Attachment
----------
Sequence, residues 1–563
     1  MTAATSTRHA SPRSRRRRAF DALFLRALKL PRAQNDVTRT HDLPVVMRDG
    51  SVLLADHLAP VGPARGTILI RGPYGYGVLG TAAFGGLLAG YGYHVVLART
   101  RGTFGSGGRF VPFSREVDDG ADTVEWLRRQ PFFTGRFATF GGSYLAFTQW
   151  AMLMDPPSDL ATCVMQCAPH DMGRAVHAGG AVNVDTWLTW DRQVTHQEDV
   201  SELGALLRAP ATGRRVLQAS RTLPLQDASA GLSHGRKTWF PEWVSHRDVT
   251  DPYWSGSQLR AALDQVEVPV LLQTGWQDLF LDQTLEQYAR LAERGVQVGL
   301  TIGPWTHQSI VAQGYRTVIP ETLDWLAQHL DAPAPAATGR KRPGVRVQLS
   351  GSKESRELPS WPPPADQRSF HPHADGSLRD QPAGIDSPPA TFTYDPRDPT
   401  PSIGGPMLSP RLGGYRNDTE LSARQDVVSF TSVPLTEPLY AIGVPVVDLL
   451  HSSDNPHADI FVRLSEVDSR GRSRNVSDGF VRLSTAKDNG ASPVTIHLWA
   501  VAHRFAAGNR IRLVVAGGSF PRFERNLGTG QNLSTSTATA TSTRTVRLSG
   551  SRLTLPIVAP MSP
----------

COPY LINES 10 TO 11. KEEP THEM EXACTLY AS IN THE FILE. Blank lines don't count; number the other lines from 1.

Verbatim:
   401  PSIGGPMLSP RLGGYRNDTE LSARQDVVSF TSVPLTEPLY AIGVPVVDLL
   451  HSSDNPHADI FVRLSEVDSR GRSRNVSDGF VRLSTAKDNG ASPVTIHLWA